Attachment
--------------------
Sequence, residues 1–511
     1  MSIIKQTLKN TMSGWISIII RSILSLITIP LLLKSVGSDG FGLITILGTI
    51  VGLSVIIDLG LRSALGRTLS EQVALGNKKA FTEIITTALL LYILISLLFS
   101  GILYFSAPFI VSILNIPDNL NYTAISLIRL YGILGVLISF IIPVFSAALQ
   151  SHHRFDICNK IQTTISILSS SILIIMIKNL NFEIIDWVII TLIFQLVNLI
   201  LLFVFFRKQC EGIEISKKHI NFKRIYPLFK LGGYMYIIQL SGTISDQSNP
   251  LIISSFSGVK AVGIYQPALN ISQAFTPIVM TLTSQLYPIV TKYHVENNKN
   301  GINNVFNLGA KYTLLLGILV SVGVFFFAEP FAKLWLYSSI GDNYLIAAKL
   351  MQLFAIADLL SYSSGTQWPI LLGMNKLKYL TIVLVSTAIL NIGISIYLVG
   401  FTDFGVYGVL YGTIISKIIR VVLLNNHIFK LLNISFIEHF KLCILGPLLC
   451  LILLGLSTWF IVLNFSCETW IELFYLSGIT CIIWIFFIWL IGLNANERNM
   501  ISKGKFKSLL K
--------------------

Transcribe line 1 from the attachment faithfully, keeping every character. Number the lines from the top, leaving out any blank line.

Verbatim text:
Sequence, residues 1–511